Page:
I was joking with my friend about the challenge of interpreting song lyrics. “It’s not that straightforward,” she said.
Mind what the band Silver Jews revealed in their song Tennessee: “Punk rock died when the first kid said/’Punk’s not dead, punk’s not dead’.” Mind I’m not trying to put it to rest here. Silver Jews were an American crew from New York City, framed in 1989 by David Berman alongside Pavement members Stephen Malkmus and Bob Nastanovich.
Years ago, when I was in junior high, I memorized a poem titled the sea and recited it for a local competition. “So quiet, so quiet, he scarcely snores,” I murmured on the empty stage, the James Reeves poem again given the shake of life.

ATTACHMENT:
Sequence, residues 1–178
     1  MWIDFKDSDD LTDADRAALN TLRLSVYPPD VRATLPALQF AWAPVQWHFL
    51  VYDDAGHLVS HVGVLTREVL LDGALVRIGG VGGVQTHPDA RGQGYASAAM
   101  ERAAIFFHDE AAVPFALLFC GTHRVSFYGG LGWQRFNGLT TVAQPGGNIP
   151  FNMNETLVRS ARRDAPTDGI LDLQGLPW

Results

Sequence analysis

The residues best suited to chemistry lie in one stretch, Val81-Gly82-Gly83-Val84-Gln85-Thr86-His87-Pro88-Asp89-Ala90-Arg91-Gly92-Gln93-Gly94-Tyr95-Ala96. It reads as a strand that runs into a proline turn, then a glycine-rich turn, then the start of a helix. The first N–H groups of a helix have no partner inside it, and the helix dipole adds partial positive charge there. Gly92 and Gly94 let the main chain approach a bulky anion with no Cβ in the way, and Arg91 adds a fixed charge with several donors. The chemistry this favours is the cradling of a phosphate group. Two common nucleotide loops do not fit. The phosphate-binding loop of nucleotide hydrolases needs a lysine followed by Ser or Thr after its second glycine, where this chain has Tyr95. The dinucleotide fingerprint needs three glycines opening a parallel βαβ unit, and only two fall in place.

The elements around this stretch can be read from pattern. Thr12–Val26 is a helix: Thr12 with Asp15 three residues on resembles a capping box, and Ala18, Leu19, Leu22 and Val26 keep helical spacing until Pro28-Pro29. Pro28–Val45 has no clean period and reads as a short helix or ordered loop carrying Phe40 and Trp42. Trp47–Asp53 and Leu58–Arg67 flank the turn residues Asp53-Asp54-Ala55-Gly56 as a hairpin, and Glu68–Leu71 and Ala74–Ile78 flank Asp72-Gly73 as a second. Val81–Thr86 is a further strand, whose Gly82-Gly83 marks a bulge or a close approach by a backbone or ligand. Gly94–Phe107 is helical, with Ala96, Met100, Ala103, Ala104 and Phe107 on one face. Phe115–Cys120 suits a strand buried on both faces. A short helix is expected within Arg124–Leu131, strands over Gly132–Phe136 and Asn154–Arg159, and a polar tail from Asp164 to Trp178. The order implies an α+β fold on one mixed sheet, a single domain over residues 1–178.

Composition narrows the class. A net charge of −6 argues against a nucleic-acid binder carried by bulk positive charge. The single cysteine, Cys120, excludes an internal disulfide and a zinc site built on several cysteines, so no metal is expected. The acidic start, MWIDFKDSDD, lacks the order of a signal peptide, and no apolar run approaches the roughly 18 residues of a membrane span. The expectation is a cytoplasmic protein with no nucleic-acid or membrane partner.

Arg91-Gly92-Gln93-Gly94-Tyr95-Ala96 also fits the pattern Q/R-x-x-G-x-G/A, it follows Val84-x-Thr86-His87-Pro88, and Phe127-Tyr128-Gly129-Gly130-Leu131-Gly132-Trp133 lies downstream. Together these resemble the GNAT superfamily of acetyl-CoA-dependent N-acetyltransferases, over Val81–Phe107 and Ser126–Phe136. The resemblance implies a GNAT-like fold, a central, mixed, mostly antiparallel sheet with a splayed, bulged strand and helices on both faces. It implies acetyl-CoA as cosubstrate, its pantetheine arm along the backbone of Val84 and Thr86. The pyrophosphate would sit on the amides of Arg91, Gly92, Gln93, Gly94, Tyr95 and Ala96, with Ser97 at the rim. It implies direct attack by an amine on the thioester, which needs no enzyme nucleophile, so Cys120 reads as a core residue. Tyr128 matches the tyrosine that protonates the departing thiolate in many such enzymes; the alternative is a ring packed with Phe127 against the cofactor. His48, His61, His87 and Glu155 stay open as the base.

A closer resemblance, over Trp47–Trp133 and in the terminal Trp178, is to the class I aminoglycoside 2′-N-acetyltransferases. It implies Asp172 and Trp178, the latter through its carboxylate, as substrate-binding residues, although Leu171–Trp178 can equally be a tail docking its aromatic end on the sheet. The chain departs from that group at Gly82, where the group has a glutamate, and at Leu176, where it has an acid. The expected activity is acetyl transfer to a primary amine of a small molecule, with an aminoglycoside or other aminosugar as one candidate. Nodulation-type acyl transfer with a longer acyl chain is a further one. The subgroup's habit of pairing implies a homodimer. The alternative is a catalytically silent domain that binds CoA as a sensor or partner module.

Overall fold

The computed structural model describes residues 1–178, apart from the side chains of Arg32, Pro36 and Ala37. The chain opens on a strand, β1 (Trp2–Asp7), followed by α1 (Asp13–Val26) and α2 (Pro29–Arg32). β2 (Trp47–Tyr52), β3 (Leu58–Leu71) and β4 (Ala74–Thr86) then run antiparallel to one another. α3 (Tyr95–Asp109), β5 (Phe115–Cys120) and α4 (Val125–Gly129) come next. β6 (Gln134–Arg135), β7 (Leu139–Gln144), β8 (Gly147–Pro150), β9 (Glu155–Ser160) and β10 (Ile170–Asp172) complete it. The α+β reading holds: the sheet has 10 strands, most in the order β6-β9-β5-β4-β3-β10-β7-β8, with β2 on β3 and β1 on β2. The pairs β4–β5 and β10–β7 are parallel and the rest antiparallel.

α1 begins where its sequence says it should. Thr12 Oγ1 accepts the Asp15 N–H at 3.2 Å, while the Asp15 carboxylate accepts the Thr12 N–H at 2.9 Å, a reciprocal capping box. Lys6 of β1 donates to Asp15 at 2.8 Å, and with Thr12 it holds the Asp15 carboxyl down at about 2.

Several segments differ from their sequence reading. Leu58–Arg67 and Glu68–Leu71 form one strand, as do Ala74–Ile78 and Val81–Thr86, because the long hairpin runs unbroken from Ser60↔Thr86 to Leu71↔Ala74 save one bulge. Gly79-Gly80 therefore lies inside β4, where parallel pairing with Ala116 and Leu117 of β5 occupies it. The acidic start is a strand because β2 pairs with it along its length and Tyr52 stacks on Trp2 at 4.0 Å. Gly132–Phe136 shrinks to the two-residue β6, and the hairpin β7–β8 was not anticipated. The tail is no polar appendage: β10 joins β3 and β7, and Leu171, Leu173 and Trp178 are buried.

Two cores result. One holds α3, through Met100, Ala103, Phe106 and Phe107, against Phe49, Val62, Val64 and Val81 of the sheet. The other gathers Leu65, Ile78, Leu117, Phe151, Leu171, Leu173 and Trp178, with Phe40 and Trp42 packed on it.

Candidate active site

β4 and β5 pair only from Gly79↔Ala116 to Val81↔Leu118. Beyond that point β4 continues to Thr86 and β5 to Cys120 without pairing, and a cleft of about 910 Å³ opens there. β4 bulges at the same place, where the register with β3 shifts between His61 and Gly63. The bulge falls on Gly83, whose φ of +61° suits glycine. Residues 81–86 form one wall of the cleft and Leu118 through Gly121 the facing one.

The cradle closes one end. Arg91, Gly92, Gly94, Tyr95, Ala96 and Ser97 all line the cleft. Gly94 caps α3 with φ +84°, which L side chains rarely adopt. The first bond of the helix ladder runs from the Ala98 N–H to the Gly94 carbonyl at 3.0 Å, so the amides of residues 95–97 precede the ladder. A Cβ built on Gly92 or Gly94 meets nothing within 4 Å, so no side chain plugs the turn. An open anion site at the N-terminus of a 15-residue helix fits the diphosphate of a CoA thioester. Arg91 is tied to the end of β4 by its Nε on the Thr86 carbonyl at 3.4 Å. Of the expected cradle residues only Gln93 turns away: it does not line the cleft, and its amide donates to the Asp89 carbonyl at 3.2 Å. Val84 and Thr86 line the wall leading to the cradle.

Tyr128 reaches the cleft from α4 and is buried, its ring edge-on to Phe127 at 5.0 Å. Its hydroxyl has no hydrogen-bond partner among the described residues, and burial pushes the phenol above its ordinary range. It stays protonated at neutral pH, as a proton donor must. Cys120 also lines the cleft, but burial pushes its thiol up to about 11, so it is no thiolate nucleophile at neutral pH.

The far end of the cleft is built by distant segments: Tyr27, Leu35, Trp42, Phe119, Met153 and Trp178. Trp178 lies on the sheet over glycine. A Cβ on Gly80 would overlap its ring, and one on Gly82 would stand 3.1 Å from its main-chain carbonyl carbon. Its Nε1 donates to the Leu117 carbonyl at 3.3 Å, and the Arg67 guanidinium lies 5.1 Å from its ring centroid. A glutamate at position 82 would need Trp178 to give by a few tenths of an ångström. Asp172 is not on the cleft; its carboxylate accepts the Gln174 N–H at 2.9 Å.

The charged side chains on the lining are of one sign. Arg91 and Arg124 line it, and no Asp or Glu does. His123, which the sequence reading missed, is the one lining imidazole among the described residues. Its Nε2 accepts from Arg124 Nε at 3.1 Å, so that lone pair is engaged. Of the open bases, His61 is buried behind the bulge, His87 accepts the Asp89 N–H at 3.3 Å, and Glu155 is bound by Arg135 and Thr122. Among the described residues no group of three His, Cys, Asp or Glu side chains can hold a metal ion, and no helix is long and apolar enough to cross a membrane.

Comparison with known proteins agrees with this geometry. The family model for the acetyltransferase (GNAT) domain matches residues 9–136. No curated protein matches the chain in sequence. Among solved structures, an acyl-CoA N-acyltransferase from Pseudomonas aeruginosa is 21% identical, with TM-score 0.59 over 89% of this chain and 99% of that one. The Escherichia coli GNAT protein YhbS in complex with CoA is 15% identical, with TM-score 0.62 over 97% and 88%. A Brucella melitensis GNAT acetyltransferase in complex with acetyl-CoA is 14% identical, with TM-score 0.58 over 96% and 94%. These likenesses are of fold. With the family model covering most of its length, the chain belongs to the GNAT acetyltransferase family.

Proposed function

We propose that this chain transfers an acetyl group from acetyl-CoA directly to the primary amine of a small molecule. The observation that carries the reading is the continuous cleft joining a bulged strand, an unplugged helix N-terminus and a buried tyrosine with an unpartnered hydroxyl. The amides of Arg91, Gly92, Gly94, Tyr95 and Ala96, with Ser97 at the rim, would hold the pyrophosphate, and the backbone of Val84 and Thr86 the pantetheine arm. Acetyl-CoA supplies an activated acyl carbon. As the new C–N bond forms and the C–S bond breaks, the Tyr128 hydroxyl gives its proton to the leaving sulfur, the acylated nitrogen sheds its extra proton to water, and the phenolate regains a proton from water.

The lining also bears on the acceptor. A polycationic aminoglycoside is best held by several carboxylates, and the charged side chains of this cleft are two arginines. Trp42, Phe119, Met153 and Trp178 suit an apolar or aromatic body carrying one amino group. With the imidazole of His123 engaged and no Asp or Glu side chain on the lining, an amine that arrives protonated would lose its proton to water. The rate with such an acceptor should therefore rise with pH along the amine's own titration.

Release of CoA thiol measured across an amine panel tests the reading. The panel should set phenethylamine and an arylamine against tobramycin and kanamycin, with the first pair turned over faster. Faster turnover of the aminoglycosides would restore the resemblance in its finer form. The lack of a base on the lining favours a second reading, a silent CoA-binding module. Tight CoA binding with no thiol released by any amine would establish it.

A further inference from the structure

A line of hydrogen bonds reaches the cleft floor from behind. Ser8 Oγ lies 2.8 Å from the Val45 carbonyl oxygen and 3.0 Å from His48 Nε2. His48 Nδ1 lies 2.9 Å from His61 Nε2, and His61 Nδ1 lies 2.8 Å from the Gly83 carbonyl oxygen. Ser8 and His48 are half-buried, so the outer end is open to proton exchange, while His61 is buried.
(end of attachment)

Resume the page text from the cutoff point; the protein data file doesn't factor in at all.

The judge commended me.
As a kid, I’d played the taboo Dungeons & Dragons game, the fad of the nineteen seventies that’s enjoyed frequent resurgence from time to time, my mother cautiously giving me the green light
When I was in junior high, the game Dungeons & Dragons, as it was understood at the time, created the Isle of Dread, an archipelago far from the continent. Despite the name of the game, the Isle of Dread featured little in the way of a dungeon, and little in the way of a dragon.
There was a carnivorous dinosaur living on the island, and the “dungeon,” such as it were, on the Isle of Dread, was an evil habitat inside a volcano. I think it was to be implied that the villagers of the island both lived in fear of and revered the giant lizard. Personally taking the role of the Dungeon Master, I aimed for enough of a fledgling theatrical ability to be able to play the game, with friends, and the role-playing lent itself, I would say, to interest in poetry, apart from the combat, spellcasting and character experience.